LOU: Hide! Everybody hide!

MAGEE: You ladies, you go upstairs and lock yourselves in my room!

CONNIE: (crossing herself) God preserve us!

MARY & CONNIE head up the Stairs

MAGEE shouts after them

MAGEE:  Donít worry, weíll be fine. The doorís locked and I have the only - well I thought
I had the only - well, whatever, between the three of us -

LOU:  Will you shut it! 

MAGEE: We have three keys.

LOU: The lights!  Kill the lights!

MAGEE snaps off the Lights

LOU:  Quiet!  Quiet everybody!

MARY & CONNIE observe from above, crouched behind the Balcony

The ghostly Light draws closer

CONNIE whimpers

LOU:  Ssh!

A glowing Hooded Head peers through the Door

CONNIE whimpers again

LOU:  Ssh!

Still shrouded, NANCY unlocks the Door and enters, illuminating the Dark with her fiery Lantern

She raises the Lantern to better explore the room

Satisfied, she extinguishes the Lantern and rests it on the Reception counter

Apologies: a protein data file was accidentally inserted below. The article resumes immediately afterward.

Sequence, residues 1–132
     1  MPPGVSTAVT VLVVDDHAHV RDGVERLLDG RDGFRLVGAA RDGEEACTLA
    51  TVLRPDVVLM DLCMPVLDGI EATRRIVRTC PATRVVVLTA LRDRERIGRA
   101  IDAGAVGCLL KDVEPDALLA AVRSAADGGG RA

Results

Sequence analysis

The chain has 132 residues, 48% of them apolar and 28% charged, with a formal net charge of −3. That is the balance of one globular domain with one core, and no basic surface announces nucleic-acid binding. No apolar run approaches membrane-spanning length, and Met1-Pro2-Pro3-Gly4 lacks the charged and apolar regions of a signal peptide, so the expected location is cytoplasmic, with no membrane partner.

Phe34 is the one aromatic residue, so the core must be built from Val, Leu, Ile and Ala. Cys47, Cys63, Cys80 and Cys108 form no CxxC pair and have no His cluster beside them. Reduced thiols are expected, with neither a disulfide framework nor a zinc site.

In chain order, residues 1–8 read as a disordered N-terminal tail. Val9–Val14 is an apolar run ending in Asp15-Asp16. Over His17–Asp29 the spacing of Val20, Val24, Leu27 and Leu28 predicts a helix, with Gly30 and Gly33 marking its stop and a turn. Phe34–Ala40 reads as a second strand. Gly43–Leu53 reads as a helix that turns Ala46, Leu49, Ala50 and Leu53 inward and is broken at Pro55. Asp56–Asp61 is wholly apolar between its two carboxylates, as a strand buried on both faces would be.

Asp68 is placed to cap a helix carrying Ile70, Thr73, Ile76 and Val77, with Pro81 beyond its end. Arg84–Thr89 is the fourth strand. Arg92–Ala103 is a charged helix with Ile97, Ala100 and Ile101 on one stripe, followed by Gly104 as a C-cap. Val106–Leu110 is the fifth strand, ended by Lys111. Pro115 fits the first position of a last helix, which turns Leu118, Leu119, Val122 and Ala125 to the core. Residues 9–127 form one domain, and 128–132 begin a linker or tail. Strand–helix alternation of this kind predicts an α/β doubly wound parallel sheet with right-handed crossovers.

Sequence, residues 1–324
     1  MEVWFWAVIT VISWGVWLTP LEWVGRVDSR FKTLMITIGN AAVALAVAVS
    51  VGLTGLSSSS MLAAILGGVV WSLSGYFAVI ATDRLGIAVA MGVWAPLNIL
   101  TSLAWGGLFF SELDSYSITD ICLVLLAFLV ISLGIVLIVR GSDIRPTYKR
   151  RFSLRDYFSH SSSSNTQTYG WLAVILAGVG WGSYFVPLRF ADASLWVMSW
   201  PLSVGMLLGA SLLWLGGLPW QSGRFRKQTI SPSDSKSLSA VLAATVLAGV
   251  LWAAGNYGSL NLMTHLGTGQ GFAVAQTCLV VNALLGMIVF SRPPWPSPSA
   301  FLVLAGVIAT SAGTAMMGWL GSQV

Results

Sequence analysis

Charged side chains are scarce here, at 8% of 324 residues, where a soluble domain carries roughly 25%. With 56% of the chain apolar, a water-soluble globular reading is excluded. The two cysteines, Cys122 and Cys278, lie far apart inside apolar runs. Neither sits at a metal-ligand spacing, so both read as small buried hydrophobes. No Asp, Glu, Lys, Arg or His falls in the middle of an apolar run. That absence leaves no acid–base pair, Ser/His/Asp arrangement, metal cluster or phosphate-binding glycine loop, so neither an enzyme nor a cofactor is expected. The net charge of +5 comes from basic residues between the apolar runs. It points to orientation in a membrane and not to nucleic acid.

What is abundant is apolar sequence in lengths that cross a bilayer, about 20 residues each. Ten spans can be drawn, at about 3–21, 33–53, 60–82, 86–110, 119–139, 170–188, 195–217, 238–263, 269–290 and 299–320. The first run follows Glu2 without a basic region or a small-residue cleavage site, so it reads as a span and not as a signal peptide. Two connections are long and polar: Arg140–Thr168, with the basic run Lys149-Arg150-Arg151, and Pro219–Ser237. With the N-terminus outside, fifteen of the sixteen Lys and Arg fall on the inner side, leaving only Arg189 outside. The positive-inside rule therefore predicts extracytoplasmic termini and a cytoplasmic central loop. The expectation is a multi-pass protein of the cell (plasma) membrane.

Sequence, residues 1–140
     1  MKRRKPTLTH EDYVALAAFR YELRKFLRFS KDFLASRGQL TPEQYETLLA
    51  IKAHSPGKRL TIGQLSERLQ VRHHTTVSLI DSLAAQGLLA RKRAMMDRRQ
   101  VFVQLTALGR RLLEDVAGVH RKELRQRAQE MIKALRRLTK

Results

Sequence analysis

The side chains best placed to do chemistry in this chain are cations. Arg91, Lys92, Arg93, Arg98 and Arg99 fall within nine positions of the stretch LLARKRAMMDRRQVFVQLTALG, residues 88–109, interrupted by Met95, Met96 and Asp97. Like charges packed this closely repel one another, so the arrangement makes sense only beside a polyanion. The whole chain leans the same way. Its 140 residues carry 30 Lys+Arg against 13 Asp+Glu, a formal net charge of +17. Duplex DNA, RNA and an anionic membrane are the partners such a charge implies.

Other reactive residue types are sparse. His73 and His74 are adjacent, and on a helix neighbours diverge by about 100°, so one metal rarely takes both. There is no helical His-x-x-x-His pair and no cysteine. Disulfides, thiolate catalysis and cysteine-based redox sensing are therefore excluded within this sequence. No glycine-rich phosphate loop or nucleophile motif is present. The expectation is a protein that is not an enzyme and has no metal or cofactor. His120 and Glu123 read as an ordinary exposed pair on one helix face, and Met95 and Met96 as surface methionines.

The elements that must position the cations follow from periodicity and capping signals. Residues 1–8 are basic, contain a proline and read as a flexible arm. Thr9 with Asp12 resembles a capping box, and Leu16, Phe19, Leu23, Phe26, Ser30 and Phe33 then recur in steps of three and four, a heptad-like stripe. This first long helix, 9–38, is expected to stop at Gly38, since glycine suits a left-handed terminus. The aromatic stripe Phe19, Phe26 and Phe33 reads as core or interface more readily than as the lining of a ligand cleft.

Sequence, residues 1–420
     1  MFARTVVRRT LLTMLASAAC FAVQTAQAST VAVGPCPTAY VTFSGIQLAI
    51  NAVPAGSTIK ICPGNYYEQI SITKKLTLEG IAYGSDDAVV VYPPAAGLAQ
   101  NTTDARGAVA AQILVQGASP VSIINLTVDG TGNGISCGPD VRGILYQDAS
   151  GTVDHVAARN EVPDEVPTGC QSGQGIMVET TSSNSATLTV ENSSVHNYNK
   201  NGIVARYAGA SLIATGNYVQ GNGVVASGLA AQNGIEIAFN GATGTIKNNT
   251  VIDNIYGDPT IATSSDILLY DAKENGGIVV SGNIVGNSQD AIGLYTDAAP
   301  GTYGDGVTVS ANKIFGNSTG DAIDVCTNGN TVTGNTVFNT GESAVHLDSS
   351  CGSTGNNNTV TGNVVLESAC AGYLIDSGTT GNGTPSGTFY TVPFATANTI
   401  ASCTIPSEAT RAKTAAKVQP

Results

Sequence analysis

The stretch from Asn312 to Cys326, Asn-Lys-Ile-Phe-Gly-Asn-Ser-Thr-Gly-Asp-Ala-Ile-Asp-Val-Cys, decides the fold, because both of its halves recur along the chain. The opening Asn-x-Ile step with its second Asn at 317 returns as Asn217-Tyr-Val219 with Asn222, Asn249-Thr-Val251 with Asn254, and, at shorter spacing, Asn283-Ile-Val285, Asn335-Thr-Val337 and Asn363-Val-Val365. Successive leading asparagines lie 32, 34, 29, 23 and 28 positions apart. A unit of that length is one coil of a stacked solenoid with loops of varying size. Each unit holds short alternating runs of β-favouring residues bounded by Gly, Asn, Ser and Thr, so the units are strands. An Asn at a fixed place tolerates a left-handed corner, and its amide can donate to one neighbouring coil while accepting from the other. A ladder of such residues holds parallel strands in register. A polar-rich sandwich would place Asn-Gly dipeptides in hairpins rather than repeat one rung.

Then removes her Hood

And goes to the Safe

Dials its Combination

Opens it

Reaches for the cookies

And eats one

MAGEE switches the Lights back on.

MAGEE: I thought so. 

NANCY: Ho-de-do, stranger.

MAGEE: You have a key?

NANCY: Sure I have a key. Night like this, worth its weight in gold. So what you
doiní here, out of season, aní all?

LOU appears from the Shadows, pointing his gun

LOU:  What are you doiní here? 

NANCY raises her hands

NANCY:  Easy, fella. Collecting my cookies, thatís what. Safeís the best place for Ďem. 
Keeps Ďem nice aní dry aní the mice canít get Ďem.

LOU: So how come you know the combination?

NANCY:  Used to work here. Still do in summer, selling postcards to the tourists. Like to
see some?

LOU: Quit fooliní, lady - where is it?

NANCY:  Whereís what?

LOU: The money.

NANCY:  What money?

LOU: The money you took from that safe.

NANCY: Iím just a plain and simple hermit, mister, I donít need no money.

MAGEE: So whatís with all the ghost stuff?

NANCY:  I donít like my solitude spoiled by them crazy folk down in the valley. Theyíre all
so dumb and superstitious, scariní the bejeezus out of them kind of amuses me. Even a
hermit needs a little entertainment once in a while.